Saturday, February 25, 2012


I got my first order in from BatchPCB, and I have to say that I am very pleased with the quality. The price is hard to beat, and as long as you don't need your board ASAP then I highly recommend them. I don't know if they were trying to sucker me in to doing more business from them, but they gave me two copies of my Logic Level Shifter board that I designed for the price of one. And I have to say that my design worked out great, each board has 12 logic level shifter circuits that are breadboard compatible, and you can break them away or leave a row of them connected and they will fit perfectly on a breadboard. I have a lot of chips that work on different TTL logic levels that I need to communicate with a 5V or 3.3V microcontroller or FPGA, so these little circuits are very useful for me.

Saturday, February 4, 2012

Dropbox Special Forum Build

For those that haven't heard, Dropbox is a great utility for synchronizing data between multiple computers and portable devices while giving you basic version control, file hosting, and collaborative group folders capabilities. It's my cloud storage of choice for it's ease of use, cross-platform capabilities, and streamlined interface that blends right into your OS.

Anyways I came across an article that pointed me to this forum post: Dropbox forum

Essentially, it says that if you are willing to partake in an experiment you can get up to 5GB of storage free as opposed to the standard 2GB free.

Friday, January 27, 2012

FPGA to 74HC595 Shift Register Module in Verilog

I have had this 74HC595 IC sitting around for quite some time. And earlier this week I decided it was time for me to actually start using it...or at least start learning how I could use it. This chip is a Serial-In Parallel-Out 8-bit shift register that can be used in a variety of ways and it can be cascaded with more of these ICs to create a larger shift register if needed. My plan is to use this newly developed module to act as a low pin count interface between the FPGA and my 16x2 Character LCD module. This will allow me to utilize 4-wires to control the 8-bit parallel interface on the LCD (not including the LCD control lines). This reduced the FPGA pin utilization from 11 pins down to 7 pins...not to shabby. Anyways for those that are interested, the code is linked below. Please note: this module is very much application specific and that it does not enable all practical uses of the 74HC595 IC. For instance, the SRCLR signal is not used and is permanently tied to VCC so that it never clears the register; this of course, may not suit your needs, however the code is heavily commented and adaptation of the code should be fairly simple.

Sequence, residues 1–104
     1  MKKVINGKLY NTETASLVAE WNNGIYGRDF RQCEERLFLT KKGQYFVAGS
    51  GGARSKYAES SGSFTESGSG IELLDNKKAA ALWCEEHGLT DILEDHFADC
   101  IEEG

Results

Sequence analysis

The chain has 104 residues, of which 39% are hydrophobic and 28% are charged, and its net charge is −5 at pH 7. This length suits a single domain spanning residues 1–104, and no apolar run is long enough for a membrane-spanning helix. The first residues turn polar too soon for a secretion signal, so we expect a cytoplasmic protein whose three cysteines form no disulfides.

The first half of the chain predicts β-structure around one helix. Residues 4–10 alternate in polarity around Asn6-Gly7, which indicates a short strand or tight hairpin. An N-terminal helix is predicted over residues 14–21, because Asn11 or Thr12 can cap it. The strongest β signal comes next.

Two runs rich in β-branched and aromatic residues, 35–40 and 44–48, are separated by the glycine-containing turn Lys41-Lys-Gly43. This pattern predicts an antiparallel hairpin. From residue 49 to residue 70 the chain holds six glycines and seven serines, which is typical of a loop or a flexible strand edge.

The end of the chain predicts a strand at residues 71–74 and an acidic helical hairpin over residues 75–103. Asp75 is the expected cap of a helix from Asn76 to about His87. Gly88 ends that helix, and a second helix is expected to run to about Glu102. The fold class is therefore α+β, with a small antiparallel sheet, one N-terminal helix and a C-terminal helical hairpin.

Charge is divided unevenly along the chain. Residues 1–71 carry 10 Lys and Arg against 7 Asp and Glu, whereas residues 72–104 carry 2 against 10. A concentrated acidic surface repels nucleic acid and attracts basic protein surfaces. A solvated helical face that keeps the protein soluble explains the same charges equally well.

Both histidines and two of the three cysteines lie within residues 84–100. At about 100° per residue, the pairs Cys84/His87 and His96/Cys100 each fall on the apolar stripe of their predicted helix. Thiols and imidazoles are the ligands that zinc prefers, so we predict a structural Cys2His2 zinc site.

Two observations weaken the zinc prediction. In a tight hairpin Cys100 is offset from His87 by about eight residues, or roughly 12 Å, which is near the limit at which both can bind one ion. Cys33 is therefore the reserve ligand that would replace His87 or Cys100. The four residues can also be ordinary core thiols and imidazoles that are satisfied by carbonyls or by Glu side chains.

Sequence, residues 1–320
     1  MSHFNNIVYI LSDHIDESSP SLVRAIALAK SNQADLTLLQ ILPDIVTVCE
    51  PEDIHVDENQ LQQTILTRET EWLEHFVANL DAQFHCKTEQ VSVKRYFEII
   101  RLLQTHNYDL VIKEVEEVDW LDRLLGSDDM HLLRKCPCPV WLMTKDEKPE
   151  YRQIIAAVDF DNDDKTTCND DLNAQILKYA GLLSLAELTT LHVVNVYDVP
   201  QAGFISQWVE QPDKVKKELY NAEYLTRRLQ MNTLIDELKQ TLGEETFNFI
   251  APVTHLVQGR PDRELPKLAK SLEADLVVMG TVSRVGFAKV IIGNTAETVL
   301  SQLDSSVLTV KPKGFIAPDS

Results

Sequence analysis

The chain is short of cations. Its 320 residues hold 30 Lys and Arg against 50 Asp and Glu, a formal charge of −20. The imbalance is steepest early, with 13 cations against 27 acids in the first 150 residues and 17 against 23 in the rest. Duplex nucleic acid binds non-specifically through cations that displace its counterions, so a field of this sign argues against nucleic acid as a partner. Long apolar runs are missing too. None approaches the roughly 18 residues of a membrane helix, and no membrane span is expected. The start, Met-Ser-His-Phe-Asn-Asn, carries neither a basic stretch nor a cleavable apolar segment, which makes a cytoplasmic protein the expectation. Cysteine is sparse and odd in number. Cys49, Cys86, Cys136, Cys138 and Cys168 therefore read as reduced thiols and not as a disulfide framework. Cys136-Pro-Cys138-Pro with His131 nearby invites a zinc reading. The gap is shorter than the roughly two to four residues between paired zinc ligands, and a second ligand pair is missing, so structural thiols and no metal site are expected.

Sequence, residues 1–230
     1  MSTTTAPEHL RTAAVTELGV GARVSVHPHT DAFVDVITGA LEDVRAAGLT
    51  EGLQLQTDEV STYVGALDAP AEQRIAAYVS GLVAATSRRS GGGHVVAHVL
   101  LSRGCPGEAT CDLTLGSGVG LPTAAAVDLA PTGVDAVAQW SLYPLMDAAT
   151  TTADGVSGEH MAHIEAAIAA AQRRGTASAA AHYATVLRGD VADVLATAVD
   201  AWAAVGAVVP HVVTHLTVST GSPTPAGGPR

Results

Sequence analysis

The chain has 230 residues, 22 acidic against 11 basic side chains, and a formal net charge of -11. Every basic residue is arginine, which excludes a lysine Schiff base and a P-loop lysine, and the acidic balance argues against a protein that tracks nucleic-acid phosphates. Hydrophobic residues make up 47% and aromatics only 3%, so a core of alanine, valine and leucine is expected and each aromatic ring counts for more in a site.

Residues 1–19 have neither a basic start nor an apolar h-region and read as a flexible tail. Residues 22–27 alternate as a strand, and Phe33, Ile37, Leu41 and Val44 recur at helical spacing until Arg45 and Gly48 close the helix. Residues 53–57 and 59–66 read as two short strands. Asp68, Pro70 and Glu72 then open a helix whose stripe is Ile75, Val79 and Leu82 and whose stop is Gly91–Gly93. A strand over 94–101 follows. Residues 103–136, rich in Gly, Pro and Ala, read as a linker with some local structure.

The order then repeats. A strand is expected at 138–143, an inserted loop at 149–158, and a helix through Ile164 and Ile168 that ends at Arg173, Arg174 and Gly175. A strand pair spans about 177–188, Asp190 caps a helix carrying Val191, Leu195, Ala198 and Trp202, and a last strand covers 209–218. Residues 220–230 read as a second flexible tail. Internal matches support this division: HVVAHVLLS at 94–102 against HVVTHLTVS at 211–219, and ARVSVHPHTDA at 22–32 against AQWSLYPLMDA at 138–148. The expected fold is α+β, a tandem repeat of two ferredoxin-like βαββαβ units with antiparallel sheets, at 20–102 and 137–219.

The functional operation of the module can be seen in this timing diagram simulation:

The yellow markers are showing the beginning and end of one complete 8-bit shift operation. This simulation is using a 50ns clock period which is slightly slower than the 24MHz clock that my actual FPGA is using. This simulation shows that it takes about 89 clocks to process a request. 89 clocks at 24MHz is about 3.7us.

Signal Descriptions:

  • RDY: A bit that indicates that the FPGA_2_ShiftReg is idle and is ready to process a request
  • RCLK: A signal sent to the shift register which instructs the output registers to read from the shift register taps
  • SRCLK: A signal sent to the shift register which instructs the 8-bit shift register to shift the register bits and read from the serial input and push it into the LSB.
  • OE: A signal sent to the shift register which sets the output in either Hi-Z (output disabled) or Lo-Z (output enabled). This is an active low signal.
  • SER_OUT: The Serial signal sent to the shift register.
  • CLK: The FPGA's local oscillator which drives the rest of the logic.
  • BYTE_IN: An 8-bit value that is fed into the FPGA_2_ShiftReg module
  • PB: A signal created for simulation purposes to instruct the module to read the 8-bit value from BYTE_IN. Every time this pushbutton is pressed the FPGA_2_ShiftReg module is activated and instructed to read the BYTE_IN. Also the driving module (the module that instantiates and uses the FPGA_2_ShiftReg module) increments the BYTE_IN value by one.